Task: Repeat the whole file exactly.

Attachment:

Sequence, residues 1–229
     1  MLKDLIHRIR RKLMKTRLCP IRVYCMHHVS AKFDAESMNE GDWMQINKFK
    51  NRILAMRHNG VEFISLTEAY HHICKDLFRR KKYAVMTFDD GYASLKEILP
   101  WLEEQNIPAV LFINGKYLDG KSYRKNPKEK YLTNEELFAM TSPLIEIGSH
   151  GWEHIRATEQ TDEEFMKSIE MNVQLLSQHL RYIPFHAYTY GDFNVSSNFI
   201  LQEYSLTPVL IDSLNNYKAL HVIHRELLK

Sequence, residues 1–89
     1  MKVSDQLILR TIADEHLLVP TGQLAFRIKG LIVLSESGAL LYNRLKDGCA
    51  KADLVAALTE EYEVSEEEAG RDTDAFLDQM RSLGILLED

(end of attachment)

Sequence, residues 1–229
     1  MLKDLIHRIR RKLMKTRLCP IRVYCMHHVS AKFDAESMNE GDWMQINKFK
    51  NRILAMRHNG VEFISLTEAY HHICKDLFRR KKYAVMTFDD GYASLKEILP
   101  WLEEQNIPAV LFINGKYLDG KSYRKNPKEK YLTNEELFAM TSPLIEIGSH
   151  GWEHIRATEQ TDEEFMKSIE MNVQLLSQHL RYIPFHAYTY GDFNVSSNFI
   201  LQEYSLTPVL IDSLNNYKAL HVIHRELLK

Sequence, residues 1–89
     1  MKVSDQLILR TIADEHLLVP TGQLAFRIKG LIVLSESGAL LYNRLKDGCA
    51  KADLVAALTE EYEVSEEEAG RDTDAFLDQM RSLGILLED